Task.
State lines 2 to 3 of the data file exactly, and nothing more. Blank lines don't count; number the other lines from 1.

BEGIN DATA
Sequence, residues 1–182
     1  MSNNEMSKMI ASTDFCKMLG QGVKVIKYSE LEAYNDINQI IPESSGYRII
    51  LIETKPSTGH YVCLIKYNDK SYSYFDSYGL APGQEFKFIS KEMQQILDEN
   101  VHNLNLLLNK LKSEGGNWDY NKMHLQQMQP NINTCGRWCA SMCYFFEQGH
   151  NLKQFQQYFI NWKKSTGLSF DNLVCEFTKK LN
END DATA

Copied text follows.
     1  MSNNEMSKMI ASTDFCKMLG QGVKVIKYSE LEAYNDINQI IPESSGYRII
    51  LIETKPSTGH YVCLIKYNDK SYSYFDSYGL APGQEFKFIS KEMQQILDEN